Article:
Pottery, stoneware museum will open soon
It has taken more than $100,000 in building improvements and 8,000-plus volunteer hours, but the new Red Wing Pottery Museum will soon be open in the former Pottery Annex at 240 Harrison St.
The new space is seven times larger than the original Red Wing Pottery Foundation museum, which opened in 2001 on the second floor of the Pottery Place Mall, just across the parking lot.
The space had to be larger, because the collection of art pottery, dinnerware and stoneware, has grown from about 1,000 pieces to more than 6,000.
“We needed to find a building that would be large enough for a world-class museum,” said Larry Peterson, foundation president and museum project manager. “Our members wanted it in the clay district,” along Old West Main Street, he added.
Two other properties were considered, “But this has always been our first choice,” Peterson said of the annex building. When they first started looking, however, it was an active mall and the owner was not interested in selling.
The recession hit. Stores closed. And, Peterson said, “We realized that nonprofits have to do things differently. We were very lucky to be able to partner with Red Wing Area Seniors to go in together and operate more efficiently.”
Eventually, the purchase was accomplished. The seniors took the eastern half; the foundation claimed the western half, which is 13,000 square feet. They share the central atrium.
“We spent 2013 tearing down 22 walls and completely rebuilding, floor to ceiling,” Peterson said. The bulk of the work was done by volunteers, who did everything from installing drywall to painting, hauling and moving.
In addition to the remodeling costs and the value of volunteer work, the foundation received $20,000 in donations.
Fortunately, Louise and Jerry Schleich of Nebraska donated not only Red Wing-made items and research materials, but also more than 110 custom-made oak display cabinets.
The glass-fronted cases, which stand 6 feet tall and have 30-inch cabinets on top, arrived last week in a Lawrence Trucking semi. Boxes and boxes of items have been delivered in recent weeks.
Volunteers took on the mammoth task of packing and moving 5,000-plus items the 450 miles from Lincoln, Neb., to Red Wing, Peterson said. The Trails West and Nebraska chapters played a major role at that end. Collectors drove to Nebraska from Red Wing and other locations to assist; one woman flew in from California to help.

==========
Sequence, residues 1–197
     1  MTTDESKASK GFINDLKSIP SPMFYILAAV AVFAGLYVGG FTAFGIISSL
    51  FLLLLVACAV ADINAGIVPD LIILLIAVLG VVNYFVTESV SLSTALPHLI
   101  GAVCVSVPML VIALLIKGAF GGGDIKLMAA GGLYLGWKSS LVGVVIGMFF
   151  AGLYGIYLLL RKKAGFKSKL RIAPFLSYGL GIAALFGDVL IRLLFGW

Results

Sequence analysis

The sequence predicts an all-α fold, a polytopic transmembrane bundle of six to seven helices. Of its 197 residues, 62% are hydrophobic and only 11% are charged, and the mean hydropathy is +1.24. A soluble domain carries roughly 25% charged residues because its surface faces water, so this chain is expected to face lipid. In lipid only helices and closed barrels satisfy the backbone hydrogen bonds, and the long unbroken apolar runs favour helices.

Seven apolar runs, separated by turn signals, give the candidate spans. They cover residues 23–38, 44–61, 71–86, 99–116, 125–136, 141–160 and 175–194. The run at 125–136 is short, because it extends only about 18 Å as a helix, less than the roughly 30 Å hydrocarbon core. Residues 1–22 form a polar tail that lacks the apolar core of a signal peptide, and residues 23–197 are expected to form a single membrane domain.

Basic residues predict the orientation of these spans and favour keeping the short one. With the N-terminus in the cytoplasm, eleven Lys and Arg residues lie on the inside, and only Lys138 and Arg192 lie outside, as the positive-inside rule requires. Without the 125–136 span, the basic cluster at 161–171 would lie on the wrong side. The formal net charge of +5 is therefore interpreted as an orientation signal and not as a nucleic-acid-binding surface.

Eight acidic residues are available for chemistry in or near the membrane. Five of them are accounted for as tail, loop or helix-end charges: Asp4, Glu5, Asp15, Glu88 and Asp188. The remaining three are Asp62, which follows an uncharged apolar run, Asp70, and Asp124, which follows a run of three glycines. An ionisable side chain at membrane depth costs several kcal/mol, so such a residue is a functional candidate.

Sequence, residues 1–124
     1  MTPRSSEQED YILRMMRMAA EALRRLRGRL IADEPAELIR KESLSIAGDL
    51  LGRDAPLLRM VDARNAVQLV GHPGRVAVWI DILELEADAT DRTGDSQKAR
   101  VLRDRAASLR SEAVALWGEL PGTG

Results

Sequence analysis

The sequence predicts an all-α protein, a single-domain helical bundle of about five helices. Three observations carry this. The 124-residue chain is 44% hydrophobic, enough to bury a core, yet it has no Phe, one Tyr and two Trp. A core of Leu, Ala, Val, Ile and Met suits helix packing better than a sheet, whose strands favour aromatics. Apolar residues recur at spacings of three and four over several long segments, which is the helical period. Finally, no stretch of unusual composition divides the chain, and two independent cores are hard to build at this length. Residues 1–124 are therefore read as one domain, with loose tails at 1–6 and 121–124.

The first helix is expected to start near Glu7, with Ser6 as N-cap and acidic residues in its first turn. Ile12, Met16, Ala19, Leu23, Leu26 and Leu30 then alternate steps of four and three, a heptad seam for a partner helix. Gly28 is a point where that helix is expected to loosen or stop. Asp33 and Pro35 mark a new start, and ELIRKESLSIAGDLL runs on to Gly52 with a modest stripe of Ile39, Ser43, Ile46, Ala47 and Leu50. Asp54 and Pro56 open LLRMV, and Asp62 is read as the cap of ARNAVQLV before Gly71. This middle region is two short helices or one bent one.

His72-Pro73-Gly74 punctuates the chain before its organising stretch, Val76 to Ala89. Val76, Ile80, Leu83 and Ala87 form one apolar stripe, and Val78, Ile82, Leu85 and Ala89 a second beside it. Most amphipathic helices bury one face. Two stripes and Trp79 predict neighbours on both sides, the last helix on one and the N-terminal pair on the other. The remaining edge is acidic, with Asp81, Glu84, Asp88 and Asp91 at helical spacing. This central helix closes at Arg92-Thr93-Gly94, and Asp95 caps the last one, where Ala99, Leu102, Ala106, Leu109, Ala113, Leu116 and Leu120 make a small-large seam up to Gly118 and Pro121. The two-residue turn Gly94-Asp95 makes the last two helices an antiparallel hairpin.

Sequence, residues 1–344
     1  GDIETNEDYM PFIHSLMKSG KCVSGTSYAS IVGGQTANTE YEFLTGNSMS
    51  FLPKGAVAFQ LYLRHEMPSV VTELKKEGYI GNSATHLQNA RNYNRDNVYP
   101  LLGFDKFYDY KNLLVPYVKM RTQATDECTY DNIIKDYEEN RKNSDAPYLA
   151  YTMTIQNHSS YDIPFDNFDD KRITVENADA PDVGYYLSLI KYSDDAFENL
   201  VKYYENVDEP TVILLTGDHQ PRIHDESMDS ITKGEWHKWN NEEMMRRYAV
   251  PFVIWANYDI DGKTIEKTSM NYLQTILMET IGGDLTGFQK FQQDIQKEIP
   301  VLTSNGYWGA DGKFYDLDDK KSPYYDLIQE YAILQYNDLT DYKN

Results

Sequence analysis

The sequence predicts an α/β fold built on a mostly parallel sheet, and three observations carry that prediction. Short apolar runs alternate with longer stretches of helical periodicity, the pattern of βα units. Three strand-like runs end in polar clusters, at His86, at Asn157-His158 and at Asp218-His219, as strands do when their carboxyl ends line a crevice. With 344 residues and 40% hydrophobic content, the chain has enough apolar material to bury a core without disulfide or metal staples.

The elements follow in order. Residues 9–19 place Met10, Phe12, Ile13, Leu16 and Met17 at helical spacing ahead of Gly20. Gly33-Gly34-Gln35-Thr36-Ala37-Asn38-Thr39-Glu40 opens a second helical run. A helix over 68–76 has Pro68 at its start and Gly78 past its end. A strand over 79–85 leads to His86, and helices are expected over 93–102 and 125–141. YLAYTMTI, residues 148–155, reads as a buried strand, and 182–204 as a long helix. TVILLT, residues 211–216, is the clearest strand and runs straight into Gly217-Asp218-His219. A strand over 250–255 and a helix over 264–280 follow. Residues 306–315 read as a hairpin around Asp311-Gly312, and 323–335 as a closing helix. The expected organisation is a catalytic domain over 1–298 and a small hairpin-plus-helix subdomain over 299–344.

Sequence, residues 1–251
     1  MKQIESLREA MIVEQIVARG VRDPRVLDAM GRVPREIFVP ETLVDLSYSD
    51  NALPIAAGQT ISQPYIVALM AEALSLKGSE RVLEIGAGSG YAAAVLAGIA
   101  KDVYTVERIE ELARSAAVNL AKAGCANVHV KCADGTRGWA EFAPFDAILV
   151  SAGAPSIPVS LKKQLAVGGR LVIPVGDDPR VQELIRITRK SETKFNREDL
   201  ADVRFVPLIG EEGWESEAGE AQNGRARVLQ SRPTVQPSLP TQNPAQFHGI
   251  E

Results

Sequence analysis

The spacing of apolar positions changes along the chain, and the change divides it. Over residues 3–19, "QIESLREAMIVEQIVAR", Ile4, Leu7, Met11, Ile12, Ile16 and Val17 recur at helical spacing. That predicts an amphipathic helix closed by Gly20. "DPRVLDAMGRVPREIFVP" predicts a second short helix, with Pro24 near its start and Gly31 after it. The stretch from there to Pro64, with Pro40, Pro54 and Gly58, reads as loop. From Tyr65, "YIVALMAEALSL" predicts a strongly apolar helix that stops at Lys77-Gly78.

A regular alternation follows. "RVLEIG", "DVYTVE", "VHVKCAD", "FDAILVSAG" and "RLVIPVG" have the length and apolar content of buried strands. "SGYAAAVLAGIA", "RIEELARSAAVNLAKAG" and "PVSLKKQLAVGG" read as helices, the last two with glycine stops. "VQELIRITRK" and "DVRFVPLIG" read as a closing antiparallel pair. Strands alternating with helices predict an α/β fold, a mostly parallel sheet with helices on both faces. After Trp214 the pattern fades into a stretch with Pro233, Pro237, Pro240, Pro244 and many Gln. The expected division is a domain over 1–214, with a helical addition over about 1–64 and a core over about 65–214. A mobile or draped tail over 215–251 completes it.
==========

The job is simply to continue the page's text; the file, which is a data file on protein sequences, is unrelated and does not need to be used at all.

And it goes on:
Packing began April 4. Teams of volunteers assembled boxes and rolls of bubble wrap, then carefully packed each piece. Boxes were marked with identifying numbers and photographs of the contents. The inventory was maintained in triplicate.
In the first three days, more than 480 boxes were packed, along with 75 large stoneware pieces. Peterson estimated the final total at 800 boxes.
Volunteers with pickups, trailers and vans loaded up and drove to Red Wing with their cargo. As boxes arrived, they were sorted by category and stored so they could be transferred to the display cabinets once those pieces arrived.
Robin Wipperling of Red Wing, the museum’s new manager, drove down to help for a weekend.
“It was simply amazing,” she said. “The cooperation and dedication of the volunteers was inspiring. … This is history making.”
“We had fun,” said Peterson, admitting they worked “long, hard days.” The secret, he said: “This museum is totally out of passion.”
The new exhibit space is expected to be finished in June; a grand opening will be held during the Red Wing Collectors Society convention in July. Museum admission will be free, as it always has been.
“It’s been a miracle what we’ve accomplished and all the support we’ve had,” Peterson said.
On May 31 and June 1, the Pottery Museum will be a part of the Red Wing Museum Crawl, designed to showcase the photo collection of Phil Revoir.
People can visit the facilities weekdays, Peterson pointed out. The original museum collection is on display.
Other facilities are in the final stages, including a 1,400-square foot classroom/meeting room with a 70-inch flat screen TV; a conference room; a library; an 800-square foot gift shop, and two large storage rooms plus a climate-controlled area.
Part of the collection will be displayed in the building’s shared entryway, which Peterson said can be set up for catered banquets. “We could literally do a small convention here,” he said; spaces will be available to rent.
The museum facilities will be run largely by volunteers. Plans are to be open Tuesday through Sunday year-round.
Fundraising continues. “We’ve been in the black every year,” Peterson said, and able to set aside money to purchase the Pottery Annex building. Funds also have been raised through Give to the Max Day, silent and oral auctions and other events.
A three-year capital campaign is under way, and a variety of activities will be held during the July 10-12 convention. Wednesday of that week is Foundation Day, with auctions and a wine and cheese party. Tax-deductible donations of all kinds are accepted. For information, call Wipperling at 651-327-2220.